It can take years for a Florida couple to earn and save enough money for a home. As they work and plan for their future, they may build a solid portfolio of investments, both tangible and intangible, in addition to the home where they raise their family. Between their sacrifices and sweat, they can come to possess significant wealth and diverse assets.
If that couple later decides that divorce is necessary for the parties, dividing up their extensive holdings can be confusing and hard to manage on their own. A trusted family law attorney can advise a divorcing party on their rights and options regarding the retention or division of their property. This can include classifying property as separate (non-marital assets and liabilities) or marital (marital assets and liabilities).
Individuals with specific questions should reach out their legal representatives for advice because this post provides no specific guidance. It is informational in content and provides basic information about property division. Property division is a significant element of many Florida divorces and can have long-term effects on the post-divorce lives of the parties.
What is separate property?
Not all the property that is owned during a marriage can or should be classified as marital. For example, an individual who is gifted property to only them during their marriage and uses it for themselves should not have to give their gift to their ex in a divorce. Examples of separate property can include the following:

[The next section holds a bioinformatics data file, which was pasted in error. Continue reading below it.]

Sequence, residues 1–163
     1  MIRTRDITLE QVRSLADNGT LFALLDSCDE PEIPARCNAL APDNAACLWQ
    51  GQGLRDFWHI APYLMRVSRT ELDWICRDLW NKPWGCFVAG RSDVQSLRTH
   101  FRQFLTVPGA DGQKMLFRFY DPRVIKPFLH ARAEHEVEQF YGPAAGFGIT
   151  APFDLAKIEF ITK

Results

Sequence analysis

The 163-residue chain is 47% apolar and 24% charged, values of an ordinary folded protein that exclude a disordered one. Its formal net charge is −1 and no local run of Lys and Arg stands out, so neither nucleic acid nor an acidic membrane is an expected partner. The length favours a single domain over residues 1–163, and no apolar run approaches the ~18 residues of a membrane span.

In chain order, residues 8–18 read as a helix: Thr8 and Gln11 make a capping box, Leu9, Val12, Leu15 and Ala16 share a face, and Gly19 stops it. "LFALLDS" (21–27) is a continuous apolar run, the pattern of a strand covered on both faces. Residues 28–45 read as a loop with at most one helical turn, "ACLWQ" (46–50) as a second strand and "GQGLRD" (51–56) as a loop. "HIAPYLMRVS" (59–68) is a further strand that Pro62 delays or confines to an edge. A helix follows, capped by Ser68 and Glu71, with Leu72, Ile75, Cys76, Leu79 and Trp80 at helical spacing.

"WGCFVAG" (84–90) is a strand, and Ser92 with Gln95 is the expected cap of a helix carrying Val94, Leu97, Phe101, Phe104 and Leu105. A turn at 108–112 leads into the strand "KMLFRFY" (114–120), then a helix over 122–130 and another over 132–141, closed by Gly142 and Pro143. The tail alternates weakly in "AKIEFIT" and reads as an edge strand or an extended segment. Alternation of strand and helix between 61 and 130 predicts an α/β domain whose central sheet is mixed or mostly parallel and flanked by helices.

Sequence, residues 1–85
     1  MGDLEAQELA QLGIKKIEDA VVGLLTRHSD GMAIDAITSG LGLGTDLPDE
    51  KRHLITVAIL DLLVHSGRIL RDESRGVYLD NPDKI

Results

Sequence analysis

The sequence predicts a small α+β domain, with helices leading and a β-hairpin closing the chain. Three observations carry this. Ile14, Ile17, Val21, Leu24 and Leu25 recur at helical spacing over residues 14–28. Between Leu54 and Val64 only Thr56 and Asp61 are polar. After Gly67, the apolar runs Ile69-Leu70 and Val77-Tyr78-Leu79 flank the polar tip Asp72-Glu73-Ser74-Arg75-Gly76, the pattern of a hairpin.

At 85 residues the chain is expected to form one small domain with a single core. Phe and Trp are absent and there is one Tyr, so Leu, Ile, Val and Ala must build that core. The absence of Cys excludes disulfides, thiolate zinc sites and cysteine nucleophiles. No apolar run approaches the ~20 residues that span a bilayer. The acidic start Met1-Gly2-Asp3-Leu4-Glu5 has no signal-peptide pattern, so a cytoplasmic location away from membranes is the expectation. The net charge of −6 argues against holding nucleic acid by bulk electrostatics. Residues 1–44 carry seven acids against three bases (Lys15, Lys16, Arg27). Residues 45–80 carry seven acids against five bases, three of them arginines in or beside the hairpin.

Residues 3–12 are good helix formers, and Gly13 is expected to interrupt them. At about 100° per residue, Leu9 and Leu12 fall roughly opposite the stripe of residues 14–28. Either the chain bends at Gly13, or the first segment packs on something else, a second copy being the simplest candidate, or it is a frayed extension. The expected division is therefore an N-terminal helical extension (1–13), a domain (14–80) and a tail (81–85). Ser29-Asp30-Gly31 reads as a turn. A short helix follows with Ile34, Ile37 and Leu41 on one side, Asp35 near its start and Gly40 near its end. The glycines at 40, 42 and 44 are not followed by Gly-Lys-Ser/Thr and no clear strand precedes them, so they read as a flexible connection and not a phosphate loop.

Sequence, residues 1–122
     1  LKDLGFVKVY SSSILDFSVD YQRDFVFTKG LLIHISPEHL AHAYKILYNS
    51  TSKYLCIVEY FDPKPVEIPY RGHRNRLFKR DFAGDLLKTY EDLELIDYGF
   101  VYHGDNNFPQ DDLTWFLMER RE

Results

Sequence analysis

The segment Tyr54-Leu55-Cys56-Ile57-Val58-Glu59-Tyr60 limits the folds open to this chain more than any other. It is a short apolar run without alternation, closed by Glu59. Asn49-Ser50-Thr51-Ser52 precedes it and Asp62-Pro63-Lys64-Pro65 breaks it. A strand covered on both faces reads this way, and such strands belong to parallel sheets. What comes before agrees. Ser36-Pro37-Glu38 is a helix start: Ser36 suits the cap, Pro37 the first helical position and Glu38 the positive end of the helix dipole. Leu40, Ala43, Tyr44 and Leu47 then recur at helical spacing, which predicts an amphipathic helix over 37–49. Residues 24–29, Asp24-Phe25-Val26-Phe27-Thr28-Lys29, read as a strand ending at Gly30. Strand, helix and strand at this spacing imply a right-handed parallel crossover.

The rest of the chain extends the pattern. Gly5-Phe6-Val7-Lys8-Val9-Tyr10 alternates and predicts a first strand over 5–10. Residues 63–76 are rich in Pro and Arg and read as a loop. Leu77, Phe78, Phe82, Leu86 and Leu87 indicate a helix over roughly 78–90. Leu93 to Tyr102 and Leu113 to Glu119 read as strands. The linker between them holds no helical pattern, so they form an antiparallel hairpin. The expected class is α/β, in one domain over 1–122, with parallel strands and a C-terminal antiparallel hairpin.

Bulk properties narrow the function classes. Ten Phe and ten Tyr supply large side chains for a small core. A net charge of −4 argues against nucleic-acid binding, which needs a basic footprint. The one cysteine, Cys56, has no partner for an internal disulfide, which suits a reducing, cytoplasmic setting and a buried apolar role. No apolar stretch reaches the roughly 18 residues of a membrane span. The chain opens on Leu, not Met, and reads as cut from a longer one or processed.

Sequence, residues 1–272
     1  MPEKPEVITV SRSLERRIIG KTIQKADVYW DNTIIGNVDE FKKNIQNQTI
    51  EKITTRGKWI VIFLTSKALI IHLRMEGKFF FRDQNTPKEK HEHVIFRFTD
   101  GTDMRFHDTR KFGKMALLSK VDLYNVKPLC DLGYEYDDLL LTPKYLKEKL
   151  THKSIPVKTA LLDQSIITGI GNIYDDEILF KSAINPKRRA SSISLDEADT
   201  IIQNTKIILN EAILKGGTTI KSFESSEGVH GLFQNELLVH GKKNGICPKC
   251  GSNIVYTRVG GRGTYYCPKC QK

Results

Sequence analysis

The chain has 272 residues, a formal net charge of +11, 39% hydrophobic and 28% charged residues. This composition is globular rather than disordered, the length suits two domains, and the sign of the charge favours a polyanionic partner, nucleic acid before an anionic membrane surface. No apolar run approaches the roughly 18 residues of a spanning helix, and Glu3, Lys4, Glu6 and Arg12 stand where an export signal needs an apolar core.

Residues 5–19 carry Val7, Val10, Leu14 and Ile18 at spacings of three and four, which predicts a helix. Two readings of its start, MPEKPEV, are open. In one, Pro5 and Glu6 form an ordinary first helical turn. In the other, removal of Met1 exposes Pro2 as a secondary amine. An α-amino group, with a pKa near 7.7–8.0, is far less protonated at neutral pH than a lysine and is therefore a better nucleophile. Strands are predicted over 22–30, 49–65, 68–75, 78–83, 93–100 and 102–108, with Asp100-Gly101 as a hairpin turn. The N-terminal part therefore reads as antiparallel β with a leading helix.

- Gifts and inheritances directed to individuals;
- Legal settlements or judgments awarded to individuals; and
- Property owned by individuals prior to marriage that is not comingled with marital property.
An individual generally has the right to emerge from their marriage in possession of all their separate property. Whether an item of property should be classified as marital or separate can sometimes be difficult to determine.
What is marital property?
Property that is owned by both parties to a marriage, or separate property that has been converted into marital property during a marriage, is considered marital property. Both parties to the marriage have an ownership interest in it, and when marital property is divided in a Florida divorce, it is subject to the laws of equitable distribution. Equitable distribution does not mean that the property is split equally between the divorcing parties, but rather a fair distribution of assets should be made to ensure the parties emerge with reasonable distributions.